In the years following the wildly popular 1893 Chicago World’s Fair, planner and architect Daniel Burnham had a vision to build a manmade island along Chicago’s lakefront. Part of his grand “Plan of Chicago,” Northerly Island was to be a thriving park, a lush, green oasis to balance his only partially realized scheme to overhaul the city with gridded streets and regional highways. The 91-acre stretch, connected to the mainland by a narrow isthmus, was completed in 1925, but 10 years later, the synthetic parkscape become something its maker had never intended: an airport. Now, Burnham’s idyllic vision will return to Northerly Island, as the first phase of the Northerly Island Framework Plan, a proposal to redevelop the abandoned airplane landing strip into an ecologically diverse natural habitat, has been approved.
In 2010, MacArthur Genius Grant winner Jeanne Gang and her firm Studio Gang Architects teamed up with local landscape architecture firm JJR to develop the Framework Plan, which combines heavily researched ecological programs — including new reefs and protected lagoons and savannahs — with more familiar features of the 21st century urban park, such as an amphitheatre. The entire scheme, which functions more like a flexible road map than an exacting blueprint, anticipates 20 to 25 years of fundraising, planning, and construction.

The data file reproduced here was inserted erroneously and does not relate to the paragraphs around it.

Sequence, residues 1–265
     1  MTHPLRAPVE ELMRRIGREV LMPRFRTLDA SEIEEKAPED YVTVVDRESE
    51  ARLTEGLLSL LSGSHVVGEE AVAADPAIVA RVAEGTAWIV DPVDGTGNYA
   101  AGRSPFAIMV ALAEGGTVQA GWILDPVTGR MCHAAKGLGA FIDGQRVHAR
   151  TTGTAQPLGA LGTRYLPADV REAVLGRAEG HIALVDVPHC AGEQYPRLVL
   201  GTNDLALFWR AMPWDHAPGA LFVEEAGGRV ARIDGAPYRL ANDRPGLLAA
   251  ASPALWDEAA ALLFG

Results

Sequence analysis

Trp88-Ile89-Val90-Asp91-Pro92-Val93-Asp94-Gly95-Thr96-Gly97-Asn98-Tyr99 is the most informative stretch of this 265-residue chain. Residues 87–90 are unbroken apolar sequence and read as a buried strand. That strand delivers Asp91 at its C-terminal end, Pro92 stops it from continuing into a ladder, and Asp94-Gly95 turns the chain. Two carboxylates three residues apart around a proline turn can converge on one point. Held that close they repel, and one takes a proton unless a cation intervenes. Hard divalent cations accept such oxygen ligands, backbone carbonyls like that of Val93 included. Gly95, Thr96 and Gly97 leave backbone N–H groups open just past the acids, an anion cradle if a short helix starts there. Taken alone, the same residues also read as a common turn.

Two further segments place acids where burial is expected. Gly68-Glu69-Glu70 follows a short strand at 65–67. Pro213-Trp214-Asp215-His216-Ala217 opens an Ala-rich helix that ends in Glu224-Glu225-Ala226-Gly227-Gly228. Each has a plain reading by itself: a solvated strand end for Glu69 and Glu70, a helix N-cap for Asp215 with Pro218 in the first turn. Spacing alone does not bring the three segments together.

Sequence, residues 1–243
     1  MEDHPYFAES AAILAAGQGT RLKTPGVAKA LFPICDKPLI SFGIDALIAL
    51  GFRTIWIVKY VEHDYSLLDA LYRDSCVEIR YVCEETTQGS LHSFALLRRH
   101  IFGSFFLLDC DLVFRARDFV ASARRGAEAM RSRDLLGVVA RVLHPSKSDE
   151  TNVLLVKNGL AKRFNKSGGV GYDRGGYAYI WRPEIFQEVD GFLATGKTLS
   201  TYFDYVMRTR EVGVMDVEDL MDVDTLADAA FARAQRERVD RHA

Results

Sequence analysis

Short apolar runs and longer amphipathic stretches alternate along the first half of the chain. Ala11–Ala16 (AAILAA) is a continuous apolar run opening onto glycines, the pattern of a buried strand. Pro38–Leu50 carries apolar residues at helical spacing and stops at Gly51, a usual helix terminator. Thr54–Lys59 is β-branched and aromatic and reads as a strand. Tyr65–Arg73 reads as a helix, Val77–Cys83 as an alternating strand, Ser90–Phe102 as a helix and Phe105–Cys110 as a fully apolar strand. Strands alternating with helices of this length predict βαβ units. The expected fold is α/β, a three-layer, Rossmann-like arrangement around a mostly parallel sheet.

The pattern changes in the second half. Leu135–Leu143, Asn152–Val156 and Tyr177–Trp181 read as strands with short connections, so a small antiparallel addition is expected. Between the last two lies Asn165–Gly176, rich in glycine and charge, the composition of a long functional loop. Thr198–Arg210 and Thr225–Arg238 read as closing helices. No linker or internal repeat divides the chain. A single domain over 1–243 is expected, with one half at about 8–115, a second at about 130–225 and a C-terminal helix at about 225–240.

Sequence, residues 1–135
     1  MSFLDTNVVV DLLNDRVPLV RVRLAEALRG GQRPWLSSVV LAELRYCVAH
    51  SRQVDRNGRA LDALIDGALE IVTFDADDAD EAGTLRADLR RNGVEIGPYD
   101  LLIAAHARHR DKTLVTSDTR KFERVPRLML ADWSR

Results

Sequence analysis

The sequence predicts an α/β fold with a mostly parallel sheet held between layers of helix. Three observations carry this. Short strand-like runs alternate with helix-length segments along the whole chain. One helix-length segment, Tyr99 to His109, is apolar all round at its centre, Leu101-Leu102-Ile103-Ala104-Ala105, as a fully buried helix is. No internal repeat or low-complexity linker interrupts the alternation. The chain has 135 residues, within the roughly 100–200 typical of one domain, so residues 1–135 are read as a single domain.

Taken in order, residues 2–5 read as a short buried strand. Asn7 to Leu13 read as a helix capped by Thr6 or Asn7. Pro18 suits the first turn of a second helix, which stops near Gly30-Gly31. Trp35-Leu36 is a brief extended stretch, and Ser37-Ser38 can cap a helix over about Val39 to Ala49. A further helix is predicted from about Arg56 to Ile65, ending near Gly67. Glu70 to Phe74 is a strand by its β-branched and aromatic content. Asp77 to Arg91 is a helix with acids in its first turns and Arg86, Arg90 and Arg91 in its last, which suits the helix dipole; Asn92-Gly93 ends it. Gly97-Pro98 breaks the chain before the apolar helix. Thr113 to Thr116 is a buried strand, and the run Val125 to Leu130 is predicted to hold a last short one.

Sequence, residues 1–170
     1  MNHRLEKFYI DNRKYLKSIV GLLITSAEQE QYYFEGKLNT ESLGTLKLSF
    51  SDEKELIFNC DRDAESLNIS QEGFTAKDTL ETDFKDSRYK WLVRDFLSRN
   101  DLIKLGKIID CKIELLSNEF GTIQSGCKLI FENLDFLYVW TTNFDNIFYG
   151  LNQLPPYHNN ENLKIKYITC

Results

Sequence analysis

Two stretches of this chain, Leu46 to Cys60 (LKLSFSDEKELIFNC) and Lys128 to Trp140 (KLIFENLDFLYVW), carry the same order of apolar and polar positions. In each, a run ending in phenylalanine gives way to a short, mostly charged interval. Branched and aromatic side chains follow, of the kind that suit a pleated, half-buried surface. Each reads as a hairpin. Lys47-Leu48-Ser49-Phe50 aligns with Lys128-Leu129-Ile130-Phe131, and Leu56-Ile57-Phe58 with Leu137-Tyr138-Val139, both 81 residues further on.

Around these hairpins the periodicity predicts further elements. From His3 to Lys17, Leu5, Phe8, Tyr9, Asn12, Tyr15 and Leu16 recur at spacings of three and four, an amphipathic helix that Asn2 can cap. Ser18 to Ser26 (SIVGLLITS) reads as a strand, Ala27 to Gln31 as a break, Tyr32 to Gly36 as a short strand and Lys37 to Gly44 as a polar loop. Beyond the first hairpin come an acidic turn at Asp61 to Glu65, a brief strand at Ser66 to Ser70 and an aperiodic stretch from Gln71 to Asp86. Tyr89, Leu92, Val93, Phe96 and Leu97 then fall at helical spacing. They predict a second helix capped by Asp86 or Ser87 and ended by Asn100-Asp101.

The first phase, soon to be initiated by the U.S. Army Corps of Engineers and the Chicago Park District, focuses on transforming the flat former airplane runway into a variegated topography containing six different ecosystems. Details include a 4.1-acre pond fenced in to protect its inhabitants from invasive species like Asian carp (an issue Gang tackles in her latest book “Reverse Effect.”) Surrounding the pond will be elevated dry-mesic and wet prairies, intended to attract mice, snakes, and small birds. Environmentalists hope that the habitat will provide new nesting areas for over 300 species of birds, luring the animals away from the mainland where they frequently crash into the city’s high-rises.
“To me it’s like a picture of what the city was like before the city was built,” said Jeanne Gang about the first phase in the Chicago Tribune, daring to imagine a pre-Burnham landscape. But as in Burnham’s original vision for Northerly Island, the snapshot of a more primitive past is intended to lure city dwellers as well as natural wildlife and become what Gang calls “a Millennium Park of nature.” Speculative plans for underwater observation cameras, an imported sunken ship, and a designated area for swimming, canoeing, and kayaking point to the island’s true nature, as an extension of a changing city.